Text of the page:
I have tried a system such as this. I have taught a small group of kids with learning disabilities. I am not a teacher, but have had 30 years experience with kids, travelled, and am passionate about education meeting the needs of our non-steriotypical kids. There is not a one-size fits all. I had huge success with the kids I taught and I am very excited about this development.
6/08/2012 6:45:54 p.m.
I got a teaching diploma in the 90's. It was a complete waste of time. I've never held a teaching job and now it would seem, I don't even need a diploma to teach anyway.
5/08/2012 2:22:46 p.m.
If John Banks & co think they have a solution to under-achieving kids, why don't they use their magic wand in all schools rather than trying to reinvent the wheel with charter schools. This has nothing at all to do with kids, it has everything to do with ACT/National ideology.
4/08/2012 8:33:06 p.m.
Disgraceful that Key and Banks can use disadvantaged children to bring this business venture in to NZ. Private businesses using tax payer money to fund their charter schools whilst making profits. I do not believe for a second that Banks cares one iota for the under-achieving kids in our schools.
4/08/2012 3:02:15 p.m.
This is extremely disingenuous. Should someone like Willie Apiata wish to spend time in a school somewhere, they actually already have the chance to do that. There are thousands of parents and others from the community who do exactly that. Trying to sell this as a way to justify the unregistered teachers is ridiculous.
4/08/2012 10:54:44 a.m.
Fair NZer wrote:
Hopefully some NZ role models will care for the upbringings for our long neglected children before it is too late again...
3/08/2012 2:29:25 p.m.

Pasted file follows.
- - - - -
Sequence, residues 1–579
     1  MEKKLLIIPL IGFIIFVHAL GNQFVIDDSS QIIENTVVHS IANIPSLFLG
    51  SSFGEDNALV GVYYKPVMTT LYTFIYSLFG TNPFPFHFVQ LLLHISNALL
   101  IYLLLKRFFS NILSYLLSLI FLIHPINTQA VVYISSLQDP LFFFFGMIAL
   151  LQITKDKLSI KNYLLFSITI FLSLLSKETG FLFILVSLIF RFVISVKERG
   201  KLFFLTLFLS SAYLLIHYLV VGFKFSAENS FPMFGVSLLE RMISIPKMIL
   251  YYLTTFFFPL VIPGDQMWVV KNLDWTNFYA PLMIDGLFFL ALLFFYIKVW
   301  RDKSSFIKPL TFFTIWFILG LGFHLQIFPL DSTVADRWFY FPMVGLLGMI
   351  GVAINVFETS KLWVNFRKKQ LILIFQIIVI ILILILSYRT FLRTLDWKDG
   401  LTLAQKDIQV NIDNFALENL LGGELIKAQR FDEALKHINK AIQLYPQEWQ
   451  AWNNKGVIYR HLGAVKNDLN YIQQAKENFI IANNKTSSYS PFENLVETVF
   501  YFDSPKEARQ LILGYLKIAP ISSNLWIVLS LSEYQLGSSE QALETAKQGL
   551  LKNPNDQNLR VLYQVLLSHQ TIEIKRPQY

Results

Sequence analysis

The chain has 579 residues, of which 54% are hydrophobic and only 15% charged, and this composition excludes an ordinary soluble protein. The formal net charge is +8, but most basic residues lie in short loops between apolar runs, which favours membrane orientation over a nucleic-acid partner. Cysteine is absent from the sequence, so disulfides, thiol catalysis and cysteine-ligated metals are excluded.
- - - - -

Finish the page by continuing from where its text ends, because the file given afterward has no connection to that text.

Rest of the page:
When Ms Parata and others say that NZ's world class education system is failing one in five students (for whom she says it is 'hopeless'), she is saying that 20% of students leave school without gaining NCEA Level 2. To translate, the govt now says you are illiterate/ a school failure/ a hopeless case if you leave school without the equivalent of what used to be called UE, or at least 6th Form Certificate. And because of mainstreaming of students of all abilities, these statistics include all students. Not everyone will achieve at this level, but it doesn't mean they are failures, nor that they are illiterate. Creating and naming perceived failure, to then offer a 'solution', should stay within the field of advertising, where at least the general public can recognize it as propaganda for peddling one's wares/snake oil fix-alls.
3/08/2012 12:29:20 p.m.
So unqualified teachers can succeed where qualified teachers can't. Ok, how about unqualified doctors, unqualified accountants, unqualified drivers? Maybe we should just get rid of the whole qualifications system and go back to the jungle. Great thinking from John "got amnesia again" Banks and his mate John "sell the country" Key.
3/08/2012 12:07:20 p.m.
People don't seem to realise schools presently can use unlicenced teachers. If a school can't find a qualified teacher for a subject they can use an unlicenced person. But that person can only teach at that school.
In some of the technology areas would you prefer students been taught by someone fresh from University with only 6 weeks technology training. Or would they better be served by someone who has taught apprentices trade skills for the last 20 - 30 years.